Sunday, 27 February 2011

Blondes make me sick!

After three cancelled trips, I finally got out for my first boat trip of 2011. I was on Silver Spray skippered by Sam Cumming in search of blonde rays and spurdogs that inhabit the offshore banks 15-20 miles out of Poole.

The tidal flow on these banks is so powerful that these marks can only be fished on neap tides.  The rays are here to breed and by April they are gone, leaving only a handful of days each year that they can be targeted.

Thirty pound class rods were required as a pound and a half of lead was required to hold bottom. A 6/0 hook on a four foot flowing trace of 100lb mono was baited with a mackerel and sandeel cocktail. The heavy nylon was necessary as spurdogs are toothy critters and there was always the chance of a decent conger.

The sea got a bit lumpy and for the first time during this challenge I suffered from a bout of sea sickness. On previous trips I had been so careful, avoiding alcohol and spicy food for 48 hours, combined with a preventative sea sickness tablet the night before the trip...... that will teach me!

It was a relatively slow day and we moved a couple of times during the day in search of better sport. Three blonde rays were landed with the largest, a male of 14lb (notice the long claspers in the photo) falling to my rod. These pre-historic looking creatures are really quite impressive in the flesh. The spurdogs were noticeable by their absence although one angler was bitten off having tackled up with a 40lb mono trace.

I also had a decent whiting which I rather dismissed at the time. In retrospect I wished I had got a photograph as at 2lb 6oz it was a personal best by miles.

It rained, it hailed, some of us were sea sick and it was difficult to keep your balance at times but as one lad said "you really know you are alive!"

Saturday, 12 February 2011

Red Herring!

Today I experienced my first blank session of 2011!

Reports of herring arriving on Brighton Marina midweek saw me drive down to Sussex in search of a new species. I decided to put all my eggs in one basket and travel light intending to rove around the East Arm "feathering" for a herring without the distraction of a second rod. My feathers were mini sabikkis.

On arrival the sea was coloured up and the wind strengthening,  I knew I was up against it as the herring would move offshore in these conditions. The East Arm was packed which meant that roving was not an option. Several hours later I packed up fish-less knowing that I would have caught a few flatties, rockling and whiting if I had put out a second rod on the bottom. If the sea clears out in the next couple of weeks I will be back!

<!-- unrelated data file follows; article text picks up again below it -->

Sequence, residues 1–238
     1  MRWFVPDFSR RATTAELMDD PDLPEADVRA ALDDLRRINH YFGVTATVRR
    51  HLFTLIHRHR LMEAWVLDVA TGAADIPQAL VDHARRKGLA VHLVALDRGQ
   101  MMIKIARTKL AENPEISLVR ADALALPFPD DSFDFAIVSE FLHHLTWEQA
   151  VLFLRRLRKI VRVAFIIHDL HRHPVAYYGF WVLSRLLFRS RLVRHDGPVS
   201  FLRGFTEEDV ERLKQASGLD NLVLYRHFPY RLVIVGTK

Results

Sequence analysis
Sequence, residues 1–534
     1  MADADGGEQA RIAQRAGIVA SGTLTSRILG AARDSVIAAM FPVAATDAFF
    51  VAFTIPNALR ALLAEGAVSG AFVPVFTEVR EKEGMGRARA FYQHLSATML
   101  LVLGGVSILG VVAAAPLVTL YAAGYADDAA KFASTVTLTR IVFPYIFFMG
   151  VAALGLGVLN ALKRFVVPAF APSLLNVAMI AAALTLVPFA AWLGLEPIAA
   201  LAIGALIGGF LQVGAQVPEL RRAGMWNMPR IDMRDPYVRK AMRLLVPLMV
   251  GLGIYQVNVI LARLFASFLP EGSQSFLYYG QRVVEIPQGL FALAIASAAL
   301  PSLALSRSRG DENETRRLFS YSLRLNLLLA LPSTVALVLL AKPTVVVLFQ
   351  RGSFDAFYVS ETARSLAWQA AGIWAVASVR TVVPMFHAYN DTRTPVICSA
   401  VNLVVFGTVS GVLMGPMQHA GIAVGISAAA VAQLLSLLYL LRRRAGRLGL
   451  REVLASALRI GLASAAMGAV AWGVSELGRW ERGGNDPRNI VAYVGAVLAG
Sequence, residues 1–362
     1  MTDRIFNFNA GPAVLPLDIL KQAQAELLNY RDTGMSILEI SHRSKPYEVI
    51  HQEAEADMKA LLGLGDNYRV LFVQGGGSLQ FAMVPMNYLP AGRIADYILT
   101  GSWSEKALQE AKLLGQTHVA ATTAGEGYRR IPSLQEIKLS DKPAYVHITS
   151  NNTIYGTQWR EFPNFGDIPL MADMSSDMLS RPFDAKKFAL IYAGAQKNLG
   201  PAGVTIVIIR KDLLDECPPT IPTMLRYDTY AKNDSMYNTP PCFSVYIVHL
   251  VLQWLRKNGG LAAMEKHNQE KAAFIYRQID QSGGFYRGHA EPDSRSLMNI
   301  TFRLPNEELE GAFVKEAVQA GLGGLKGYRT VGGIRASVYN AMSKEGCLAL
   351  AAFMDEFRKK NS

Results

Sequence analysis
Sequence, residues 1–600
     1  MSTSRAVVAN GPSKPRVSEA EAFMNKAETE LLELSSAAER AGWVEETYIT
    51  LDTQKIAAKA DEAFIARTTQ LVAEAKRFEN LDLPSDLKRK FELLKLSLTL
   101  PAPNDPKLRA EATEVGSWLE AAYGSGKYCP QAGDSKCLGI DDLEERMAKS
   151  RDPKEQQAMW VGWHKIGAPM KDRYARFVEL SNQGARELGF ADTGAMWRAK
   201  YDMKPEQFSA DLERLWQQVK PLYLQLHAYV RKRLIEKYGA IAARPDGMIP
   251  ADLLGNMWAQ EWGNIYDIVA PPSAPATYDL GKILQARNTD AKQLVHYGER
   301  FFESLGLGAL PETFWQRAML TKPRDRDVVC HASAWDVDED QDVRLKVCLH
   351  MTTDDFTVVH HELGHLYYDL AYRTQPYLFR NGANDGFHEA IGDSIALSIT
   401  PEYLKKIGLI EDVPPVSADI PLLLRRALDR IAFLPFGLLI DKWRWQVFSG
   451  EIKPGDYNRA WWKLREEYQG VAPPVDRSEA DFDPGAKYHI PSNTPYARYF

Incidentally pike anglers might be interested to know that red herrings really work, they take on colour really well using the powdered food dyes that the carp boys use when making boilies!

Sunday, 6 February 2011

Go with the flow when chubbing on small rivers!

I have just returned from a short session chubbing on the Upper Welland, catching a number of fish to 4lb 7oz. Rather than bore you with the details of the session I thought I would offer up my top ten tips for winter chubbing on small rivers.

Tip 1 - Have a lie in!  You will catch more chub late afternoon through dusk than at any other time in winter!

Tip 2 - Use a bobbin as well as a quivertip if you can! You won't miss many bites, I use an old squeezy bottle top with a betalight inserted for fishing after dark.

Tip 3 - Keep moving! Twenty minutes in a swim is ample, most of my chub come in within the first ten minutes.

Tip 4 - Don't use a bolt rig! Chub will often pull the rod right round without getting hooked as any barbel angler will testify.

Tip 5 - Keep it simple! Use a swan shot link leger, or do as I do and pinch on swan shot or two on the line 18 inches above the hook (unless you are using crust).

Tip 6 - Don't cast directly into the swim! Where you can fish down your own bank and cast into the main current and allow the bait to roll round into the slacker water. 

Tip 7 - Fish one new swim every time you go roving for chub, even if you think you know the stretch! Twenty minutes in the course of a day is not long and I have had a number of five pound plus chub from "unfancied" swims.

Tip 8 - Don't ignore maggots if the water is clear! Using big baits you might have to wait until dusk for a bite whereas you can catch on maggot all day long.

Tip 9 - Don't ignore the float! It's fun and it catches big chub. Boss the flow with a decent sized chubber or avon float and fish flake or maggot on the hook.

Tip 10 - Go with the flow! Probably the most important tip of all, unless it is really cold aim to position your bait just off the main flow. In icy conditions the bait should be placed closer to the bank in the slackest water.

Note: My scales aren't weighing light, the photo is of a big six from the Dorset Stour not a four from the Welland!